The U.S. House of Representatives voted mostly along party-lines Wednesday to approve H.R. 6275, which would extend relief from the Alternative Minimum Tax (AMT) for another year and offset the costs mostly by closing tax loopholes.
As explained in last week's report from Citizens for Tax Justice, it is only fair that the cost of AMT relief be offset by closing loopholes that benefit the wealthiest Americans. One of these is the much-hated loophole for "carried interest," a form of compensation paid to private equity fund managers in return for investing other people's money. Most of us who earn an income from work are subject to federal income taxes at progressive rates, starting at 10 percent and going up to 35 percent for the very wealthiest. Private equity fund managers are at the top of this wealthy group, but nevertheless pay only 15 percent -- the special low capital gains tax rate -- on their carried interest. Closing this loophole makes up about half of the $61 billion needed to offset the cost of extending AMT relief for a year.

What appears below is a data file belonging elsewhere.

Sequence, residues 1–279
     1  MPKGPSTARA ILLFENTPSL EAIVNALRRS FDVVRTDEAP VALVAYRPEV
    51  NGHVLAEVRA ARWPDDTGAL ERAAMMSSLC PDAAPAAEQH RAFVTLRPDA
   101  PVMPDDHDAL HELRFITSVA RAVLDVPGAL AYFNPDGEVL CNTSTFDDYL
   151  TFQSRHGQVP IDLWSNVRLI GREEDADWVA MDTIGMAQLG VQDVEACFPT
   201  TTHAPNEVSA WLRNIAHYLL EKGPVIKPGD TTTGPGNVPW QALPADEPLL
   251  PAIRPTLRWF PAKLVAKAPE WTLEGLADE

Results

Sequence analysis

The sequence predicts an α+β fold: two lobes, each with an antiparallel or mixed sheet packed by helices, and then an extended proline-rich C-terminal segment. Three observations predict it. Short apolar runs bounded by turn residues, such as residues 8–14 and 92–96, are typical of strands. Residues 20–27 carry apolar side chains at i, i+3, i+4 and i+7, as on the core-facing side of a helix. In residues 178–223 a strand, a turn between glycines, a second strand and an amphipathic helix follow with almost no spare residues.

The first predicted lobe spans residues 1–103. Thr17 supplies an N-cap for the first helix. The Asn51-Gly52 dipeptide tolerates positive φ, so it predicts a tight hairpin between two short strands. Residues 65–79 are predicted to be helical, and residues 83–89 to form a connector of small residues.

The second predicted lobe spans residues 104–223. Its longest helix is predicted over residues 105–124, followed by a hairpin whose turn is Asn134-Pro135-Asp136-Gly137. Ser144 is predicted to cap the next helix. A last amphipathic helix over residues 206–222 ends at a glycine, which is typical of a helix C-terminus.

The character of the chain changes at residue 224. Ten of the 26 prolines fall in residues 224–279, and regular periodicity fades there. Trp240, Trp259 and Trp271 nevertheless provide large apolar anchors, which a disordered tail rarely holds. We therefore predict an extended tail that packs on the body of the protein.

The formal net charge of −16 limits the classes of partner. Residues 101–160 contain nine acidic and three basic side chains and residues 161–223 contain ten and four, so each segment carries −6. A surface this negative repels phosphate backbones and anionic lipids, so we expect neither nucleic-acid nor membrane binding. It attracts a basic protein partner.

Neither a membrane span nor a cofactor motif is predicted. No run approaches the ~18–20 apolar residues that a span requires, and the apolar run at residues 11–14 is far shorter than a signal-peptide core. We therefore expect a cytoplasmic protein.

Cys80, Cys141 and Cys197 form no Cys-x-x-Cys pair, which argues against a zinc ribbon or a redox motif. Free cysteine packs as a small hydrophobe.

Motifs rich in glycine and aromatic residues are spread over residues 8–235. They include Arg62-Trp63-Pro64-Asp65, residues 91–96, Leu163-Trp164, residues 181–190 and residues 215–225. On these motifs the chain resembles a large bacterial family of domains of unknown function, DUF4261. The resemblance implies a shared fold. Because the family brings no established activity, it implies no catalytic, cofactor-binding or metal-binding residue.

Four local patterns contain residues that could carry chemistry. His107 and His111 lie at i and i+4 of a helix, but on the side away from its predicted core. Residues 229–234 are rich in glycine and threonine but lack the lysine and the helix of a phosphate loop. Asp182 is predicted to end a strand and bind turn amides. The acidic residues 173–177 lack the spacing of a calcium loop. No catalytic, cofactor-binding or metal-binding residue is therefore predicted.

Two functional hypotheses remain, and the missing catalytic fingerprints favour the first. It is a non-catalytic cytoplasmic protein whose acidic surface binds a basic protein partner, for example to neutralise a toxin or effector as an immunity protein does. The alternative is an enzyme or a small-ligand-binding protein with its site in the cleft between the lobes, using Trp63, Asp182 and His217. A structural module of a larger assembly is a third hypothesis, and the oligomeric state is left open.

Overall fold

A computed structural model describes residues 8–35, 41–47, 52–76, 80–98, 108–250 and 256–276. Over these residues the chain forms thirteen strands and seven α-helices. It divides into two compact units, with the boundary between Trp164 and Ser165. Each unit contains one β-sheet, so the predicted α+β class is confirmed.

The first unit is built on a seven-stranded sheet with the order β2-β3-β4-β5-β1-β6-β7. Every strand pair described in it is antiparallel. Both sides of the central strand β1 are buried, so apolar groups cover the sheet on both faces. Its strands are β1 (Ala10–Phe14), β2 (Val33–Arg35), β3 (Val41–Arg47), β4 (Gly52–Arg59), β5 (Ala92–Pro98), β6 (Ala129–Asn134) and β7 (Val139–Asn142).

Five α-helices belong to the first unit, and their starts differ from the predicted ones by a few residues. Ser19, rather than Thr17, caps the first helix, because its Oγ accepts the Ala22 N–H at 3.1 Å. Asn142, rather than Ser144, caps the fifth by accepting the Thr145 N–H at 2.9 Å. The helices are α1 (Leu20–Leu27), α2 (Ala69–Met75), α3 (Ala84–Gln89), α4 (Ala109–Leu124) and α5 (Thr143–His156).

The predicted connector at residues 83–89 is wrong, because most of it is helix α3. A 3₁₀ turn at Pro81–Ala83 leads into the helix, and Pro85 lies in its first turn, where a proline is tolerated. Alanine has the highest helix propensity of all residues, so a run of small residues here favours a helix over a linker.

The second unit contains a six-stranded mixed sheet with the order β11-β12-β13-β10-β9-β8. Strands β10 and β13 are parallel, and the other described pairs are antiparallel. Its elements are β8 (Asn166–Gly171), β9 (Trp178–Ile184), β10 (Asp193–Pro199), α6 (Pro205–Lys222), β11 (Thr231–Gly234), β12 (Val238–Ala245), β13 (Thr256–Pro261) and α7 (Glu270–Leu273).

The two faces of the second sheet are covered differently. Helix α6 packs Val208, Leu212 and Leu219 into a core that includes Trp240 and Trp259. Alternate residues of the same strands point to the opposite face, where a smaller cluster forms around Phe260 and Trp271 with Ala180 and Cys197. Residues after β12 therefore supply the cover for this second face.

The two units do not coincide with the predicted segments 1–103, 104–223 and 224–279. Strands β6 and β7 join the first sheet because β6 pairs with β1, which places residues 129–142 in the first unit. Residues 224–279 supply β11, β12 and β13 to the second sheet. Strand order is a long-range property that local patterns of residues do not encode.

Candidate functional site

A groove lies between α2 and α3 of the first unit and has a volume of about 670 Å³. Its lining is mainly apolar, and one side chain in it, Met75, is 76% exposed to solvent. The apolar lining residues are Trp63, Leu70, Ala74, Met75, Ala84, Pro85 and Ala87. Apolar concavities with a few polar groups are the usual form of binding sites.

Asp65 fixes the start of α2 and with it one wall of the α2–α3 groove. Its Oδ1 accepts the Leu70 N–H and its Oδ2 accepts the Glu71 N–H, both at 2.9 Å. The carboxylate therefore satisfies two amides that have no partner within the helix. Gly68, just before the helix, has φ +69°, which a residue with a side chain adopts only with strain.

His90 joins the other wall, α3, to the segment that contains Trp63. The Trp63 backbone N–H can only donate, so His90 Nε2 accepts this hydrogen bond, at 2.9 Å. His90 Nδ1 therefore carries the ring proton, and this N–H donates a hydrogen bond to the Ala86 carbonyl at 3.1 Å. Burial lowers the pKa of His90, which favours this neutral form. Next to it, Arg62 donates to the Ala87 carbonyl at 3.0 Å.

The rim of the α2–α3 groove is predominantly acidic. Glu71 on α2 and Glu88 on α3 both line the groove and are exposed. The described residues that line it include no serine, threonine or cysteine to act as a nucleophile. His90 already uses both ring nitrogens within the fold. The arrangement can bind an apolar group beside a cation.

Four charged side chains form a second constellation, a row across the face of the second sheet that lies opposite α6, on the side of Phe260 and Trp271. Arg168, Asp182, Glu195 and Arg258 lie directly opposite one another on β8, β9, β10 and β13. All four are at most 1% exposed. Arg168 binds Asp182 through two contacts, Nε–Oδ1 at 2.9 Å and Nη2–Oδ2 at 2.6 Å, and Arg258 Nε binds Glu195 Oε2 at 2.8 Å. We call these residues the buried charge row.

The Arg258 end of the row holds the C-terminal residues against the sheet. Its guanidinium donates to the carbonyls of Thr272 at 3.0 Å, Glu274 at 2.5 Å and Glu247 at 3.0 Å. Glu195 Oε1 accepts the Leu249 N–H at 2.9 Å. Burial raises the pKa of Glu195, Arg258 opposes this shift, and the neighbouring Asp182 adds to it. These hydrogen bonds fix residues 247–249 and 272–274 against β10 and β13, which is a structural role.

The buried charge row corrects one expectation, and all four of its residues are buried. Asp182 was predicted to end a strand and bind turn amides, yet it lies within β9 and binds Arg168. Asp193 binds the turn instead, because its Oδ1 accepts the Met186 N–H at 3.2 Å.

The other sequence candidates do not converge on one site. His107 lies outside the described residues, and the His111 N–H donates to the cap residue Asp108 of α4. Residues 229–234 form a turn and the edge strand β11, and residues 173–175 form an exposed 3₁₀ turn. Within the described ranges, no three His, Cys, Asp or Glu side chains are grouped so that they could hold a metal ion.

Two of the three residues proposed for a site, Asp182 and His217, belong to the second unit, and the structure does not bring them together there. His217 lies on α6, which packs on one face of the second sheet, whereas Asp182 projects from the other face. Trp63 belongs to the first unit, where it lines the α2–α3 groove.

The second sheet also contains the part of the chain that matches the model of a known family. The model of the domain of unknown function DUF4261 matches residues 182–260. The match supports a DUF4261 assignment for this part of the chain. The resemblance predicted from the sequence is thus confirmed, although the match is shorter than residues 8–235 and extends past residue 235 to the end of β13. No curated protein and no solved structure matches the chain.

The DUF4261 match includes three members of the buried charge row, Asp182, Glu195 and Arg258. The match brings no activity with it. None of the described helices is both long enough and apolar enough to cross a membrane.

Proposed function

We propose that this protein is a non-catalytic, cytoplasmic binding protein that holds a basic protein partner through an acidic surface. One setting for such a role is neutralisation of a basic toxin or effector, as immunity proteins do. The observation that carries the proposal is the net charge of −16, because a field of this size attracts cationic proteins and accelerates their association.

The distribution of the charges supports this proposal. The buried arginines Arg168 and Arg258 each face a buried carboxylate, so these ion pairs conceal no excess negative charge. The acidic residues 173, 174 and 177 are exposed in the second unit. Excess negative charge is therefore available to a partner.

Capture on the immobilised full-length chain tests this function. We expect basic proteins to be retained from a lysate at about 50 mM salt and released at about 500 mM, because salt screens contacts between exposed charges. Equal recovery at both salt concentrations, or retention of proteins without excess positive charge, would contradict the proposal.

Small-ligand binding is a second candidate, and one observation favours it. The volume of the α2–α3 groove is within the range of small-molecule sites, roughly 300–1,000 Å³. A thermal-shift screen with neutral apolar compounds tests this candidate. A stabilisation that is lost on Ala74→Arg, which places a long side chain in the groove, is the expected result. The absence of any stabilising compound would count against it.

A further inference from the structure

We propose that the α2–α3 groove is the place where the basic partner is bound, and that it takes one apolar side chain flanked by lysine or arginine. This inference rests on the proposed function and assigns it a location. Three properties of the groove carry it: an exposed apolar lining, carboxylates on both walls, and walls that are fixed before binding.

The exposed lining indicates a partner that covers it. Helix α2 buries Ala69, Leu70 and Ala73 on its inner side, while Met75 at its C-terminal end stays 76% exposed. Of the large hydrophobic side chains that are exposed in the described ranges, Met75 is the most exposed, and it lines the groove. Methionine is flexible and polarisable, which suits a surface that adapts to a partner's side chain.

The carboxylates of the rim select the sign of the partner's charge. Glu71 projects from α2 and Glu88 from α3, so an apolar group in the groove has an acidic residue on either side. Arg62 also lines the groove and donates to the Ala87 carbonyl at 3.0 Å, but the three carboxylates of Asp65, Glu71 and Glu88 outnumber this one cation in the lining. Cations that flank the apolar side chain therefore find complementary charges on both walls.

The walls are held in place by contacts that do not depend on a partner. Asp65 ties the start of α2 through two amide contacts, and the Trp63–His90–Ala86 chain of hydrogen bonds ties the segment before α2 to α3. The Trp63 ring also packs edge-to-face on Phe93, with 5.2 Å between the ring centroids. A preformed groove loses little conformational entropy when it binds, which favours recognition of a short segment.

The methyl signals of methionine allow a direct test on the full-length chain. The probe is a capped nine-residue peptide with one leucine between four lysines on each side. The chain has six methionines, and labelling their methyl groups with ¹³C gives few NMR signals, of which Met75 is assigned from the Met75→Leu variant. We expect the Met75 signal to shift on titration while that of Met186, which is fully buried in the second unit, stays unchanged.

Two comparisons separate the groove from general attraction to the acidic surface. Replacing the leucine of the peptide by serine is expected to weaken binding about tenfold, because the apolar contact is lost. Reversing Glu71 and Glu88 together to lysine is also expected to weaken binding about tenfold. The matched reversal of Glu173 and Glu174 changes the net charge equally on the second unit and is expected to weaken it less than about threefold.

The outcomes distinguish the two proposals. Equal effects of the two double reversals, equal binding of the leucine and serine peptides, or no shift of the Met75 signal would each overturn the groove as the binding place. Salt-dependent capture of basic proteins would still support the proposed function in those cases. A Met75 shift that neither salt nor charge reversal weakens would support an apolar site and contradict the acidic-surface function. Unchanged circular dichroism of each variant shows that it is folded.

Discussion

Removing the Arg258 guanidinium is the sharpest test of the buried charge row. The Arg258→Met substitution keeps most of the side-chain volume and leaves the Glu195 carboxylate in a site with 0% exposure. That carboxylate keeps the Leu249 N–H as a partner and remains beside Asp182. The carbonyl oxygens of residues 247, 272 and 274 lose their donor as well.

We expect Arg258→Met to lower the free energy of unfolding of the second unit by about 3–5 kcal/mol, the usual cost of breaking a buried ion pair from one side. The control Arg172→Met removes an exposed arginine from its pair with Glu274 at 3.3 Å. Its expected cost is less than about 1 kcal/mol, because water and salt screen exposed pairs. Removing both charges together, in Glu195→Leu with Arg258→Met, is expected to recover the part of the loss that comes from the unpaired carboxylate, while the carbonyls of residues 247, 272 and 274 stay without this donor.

Republican leaders in the Senate will try to block consideration of this bill, arguing that any legislation extending a tax provision that is currently in effect should not be paid for. The absurd implication of this argument is that Congress should not have to pay for tax cuts if they start out as one-year or two-year provisions and are then extended past their original expiration date. It's also a demand for an increase in the budget deficit, which seems to no longer be a concern of conservative lawmakers.